Changing Times

Ok. I’m taking back what I said last week!

Well, not exactly. I stand behind the core message of what I said, that when you (or at least I) have a scheduled time to write, you can spot time wasters a little more easily. Sometimes, though, what looks like a time waster isn’t one. Sometimes, as I realized last week, it’s you trying to tell yourself it is time for change.

Yep. After telling you last week that I had a certain time I forced myself to write (or flogged myself with guilt if I didn’t), I am changing that routine. For three weeks I’ve been trying to maintain my established habit of writing fiction on Mondays, Wednesdays and Fridays and non-fiction on Tuesdays and Thursdays. It was a good plan. Establishing it helped me get lots written (and some things even finished!).

All that changed recently and my no-brainer routine became a thing I fought with several times a week. One day I would have a deadline (real or self-imposed) that forced me to write off-schedule, another day I would get inspired and want to write fiction when I was scheduled to write non-fiction or vice versa. Whatever it was, I’ve been struggling for three weeks to maintain my past level of productivity and getting frustrated and discouraged as I consistently lost focus and momentum.

Suddenly it dawned on me that this “time-management monster” appeared at the same time as this blog! It wasn’t a monster after all. It was me telling myself the routine needed to be changed. It no longer makes sense to force myself to write on my fiction projects when I’m so easily distracted by my own blog (and, to a lesser extent, Shonna’s and Kitty’s entries). Why not use that distraction to fuel whatever related projects I’m working on?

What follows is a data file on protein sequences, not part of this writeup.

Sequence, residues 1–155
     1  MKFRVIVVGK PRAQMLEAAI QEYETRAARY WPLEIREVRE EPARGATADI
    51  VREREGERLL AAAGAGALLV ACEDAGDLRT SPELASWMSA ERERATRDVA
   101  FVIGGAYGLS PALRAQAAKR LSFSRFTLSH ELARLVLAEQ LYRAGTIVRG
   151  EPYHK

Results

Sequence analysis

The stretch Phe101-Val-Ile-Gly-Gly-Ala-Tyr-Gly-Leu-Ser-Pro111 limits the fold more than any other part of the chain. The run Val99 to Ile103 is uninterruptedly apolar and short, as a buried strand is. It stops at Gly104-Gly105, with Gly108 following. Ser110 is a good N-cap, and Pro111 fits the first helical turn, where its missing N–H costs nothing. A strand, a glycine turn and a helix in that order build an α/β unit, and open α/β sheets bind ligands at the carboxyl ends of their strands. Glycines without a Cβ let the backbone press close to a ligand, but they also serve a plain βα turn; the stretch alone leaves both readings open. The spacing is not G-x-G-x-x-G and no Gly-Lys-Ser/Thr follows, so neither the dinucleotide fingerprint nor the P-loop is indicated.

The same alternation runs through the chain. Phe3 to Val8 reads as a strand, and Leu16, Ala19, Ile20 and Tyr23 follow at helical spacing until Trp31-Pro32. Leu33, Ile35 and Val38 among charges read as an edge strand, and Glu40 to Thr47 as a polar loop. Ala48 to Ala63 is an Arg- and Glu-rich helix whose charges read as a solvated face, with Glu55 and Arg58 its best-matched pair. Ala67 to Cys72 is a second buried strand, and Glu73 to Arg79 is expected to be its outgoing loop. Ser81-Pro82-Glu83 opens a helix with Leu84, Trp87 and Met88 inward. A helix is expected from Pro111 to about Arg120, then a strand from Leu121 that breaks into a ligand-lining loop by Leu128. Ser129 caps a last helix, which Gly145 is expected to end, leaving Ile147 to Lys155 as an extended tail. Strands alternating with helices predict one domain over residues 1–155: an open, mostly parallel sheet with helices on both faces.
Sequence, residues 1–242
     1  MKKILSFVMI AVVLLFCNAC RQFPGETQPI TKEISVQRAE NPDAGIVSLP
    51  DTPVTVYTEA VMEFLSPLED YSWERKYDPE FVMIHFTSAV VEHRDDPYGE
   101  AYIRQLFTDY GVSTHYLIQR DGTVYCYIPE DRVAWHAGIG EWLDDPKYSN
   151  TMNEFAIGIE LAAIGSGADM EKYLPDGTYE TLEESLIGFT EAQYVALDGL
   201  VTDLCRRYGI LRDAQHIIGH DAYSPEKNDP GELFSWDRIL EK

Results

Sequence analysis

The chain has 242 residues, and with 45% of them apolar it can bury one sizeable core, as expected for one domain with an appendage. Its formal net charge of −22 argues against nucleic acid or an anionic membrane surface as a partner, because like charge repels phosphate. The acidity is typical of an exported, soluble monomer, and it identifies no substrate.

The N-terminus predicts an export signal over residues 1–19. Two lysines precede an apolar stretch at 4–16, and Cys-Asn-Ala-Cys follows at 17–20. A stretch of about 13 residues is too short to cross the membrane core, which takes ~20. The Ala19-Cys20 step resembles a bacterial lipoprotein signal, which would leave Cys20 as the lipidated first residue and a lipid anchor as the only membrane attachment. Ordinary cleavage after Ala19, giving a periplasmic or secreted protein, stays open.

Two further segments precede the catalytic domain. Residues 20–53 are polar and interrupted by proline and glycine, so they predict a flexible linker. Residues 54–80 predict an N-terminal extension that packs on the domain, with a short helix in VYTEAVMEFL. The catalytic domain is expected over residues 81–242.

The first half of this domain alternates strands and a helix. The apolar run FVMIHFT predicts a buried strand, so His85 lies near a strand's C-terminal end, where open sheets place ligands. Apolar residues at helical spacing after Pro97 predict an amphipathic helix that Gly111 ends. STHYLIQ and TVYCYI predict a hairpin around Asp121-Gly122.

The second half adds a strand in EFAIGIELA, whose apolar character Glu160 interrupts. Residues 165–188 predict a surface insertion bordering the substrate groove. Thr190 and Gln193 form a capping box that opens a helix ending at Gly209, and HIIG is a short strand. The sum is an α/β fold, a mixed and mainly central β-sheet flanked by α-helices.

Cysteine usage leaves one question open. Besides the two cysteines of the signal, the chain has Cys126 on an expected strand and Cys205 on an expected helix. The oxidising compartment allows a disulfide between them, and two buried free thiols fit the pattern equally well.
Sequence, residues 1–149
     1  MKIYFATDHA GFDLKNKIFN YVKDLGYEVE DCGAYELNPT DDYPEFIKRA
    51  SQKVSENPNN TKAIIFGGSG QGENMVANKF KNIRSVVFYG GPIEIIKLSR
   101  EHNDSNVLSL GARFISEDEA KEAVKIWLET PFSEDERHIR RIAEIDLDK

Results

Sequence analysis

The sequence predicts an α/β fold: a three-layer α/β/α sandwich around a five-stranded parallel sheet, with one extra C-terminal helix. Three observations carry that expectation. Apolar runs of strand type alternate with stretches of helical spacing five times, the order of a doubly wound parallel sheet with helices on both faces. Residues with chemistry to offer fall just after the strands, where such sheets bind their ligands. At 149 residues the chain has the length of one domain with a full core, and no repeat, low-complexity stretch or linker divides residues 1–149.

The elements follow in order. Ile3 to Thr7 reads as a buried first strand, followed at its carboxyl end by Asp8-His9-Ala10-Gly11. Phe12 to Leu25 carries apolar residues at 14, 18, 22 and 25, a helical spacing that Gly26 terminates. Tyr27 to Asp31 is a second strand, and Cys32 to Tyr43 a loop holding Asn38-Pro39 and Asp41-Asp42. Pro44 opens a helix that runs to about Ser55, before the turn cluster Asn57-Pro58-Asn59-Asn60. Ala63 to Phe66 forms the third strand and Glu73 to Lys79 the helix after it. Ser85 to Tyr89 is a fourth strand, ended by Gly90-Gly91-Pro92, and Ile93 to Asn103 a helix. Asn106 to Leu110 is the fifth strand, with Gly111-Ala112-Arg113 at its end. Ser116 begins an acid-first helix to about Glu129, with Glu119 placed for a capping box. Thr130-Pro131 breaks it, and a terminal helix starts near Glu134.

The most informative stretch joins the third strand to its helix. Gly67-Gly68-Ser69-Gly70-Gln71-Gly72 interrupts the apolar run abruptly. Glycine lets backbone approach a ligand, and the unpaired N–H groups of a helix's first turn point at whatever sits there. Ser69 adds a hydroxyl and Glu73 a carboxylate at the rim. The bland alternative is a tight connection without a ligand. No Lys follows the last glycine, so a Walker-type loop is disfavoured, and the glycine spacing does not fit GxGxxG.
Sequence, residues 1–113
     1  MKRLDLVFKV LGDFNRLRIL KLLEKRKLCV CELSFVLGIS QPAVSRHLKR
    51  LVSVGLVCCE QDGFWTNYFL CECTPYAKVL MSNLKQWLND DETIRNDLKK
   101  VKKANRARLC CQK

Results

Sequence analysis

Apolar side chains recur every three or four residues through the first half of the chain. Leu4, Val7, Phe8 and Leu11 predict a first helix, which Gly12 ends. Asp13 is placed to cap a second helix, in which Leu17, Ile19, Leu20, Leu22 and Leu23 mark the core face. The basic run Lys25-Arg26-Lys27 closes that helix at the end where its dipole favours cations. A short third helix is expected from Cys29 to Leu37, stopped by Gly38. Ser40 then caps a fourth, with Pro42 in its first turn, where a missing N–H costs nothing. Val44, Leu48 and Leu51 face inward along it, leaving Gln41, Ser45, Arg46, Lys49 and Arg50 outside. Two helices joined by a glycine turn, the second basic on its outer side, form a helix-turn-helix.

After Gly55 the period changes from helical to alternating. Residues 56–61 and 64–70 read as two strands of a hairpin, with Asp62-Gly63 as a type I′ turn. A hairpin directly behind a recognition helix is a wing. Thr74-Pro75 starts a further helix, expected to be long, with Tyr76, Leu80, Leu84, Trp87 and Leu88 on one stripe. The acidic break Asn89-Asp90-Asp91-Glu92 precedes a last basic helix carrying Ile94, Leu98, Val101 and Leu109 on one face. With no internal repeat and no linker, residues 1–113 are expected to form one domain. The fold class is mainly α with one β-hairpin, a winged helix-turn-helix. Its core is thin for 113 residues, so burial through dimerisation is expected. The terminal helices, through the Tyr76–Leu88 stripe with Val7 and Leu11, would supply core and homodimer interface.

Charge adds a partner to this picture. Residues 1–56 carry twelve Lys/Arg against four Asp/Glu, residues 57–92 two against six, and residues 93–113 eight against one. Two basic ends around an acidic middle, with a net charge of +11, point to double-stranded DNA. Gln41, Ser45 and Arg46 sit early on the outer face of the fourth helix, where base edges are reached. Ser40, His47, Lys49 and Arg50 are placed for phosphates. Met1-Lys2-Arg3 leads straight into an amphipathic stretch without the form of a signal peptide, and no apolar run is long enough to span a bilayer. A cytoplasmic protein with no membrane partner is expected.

So that is what I did. I made a new schedule. I’m hoping this change will address the gremlins that have plagued my writing time the past few weeks. My new schedule is:

Monday: blog related writing. This could be comments on this blog or others, writing future blog entries or related articles, anything that seems related to the blog in my mind. (And knowing my mind, that could be a pretty wide and oddly shaped net. LOL)
Tuesday: fiction
Wednesday: fiction (and responding to the blog comments during breaks)
Thursday: non-fiction
Friday: choice, usually to include any polishing of upcoming blog entries.

Is there something you need to adjust in order to adapt to recent life changes? Go for it (and tell us about it!). Be careful, though. Establishing routines, certain ways of doing things, and schedules, times allotted to do those things, won’t be successful if they are in a constant state of flux. It’s a fine line and it’s important to stay on the productive side of that line. For me, this time, change was warranted. Now it’s time to get busy working the schedule.

Wasting Time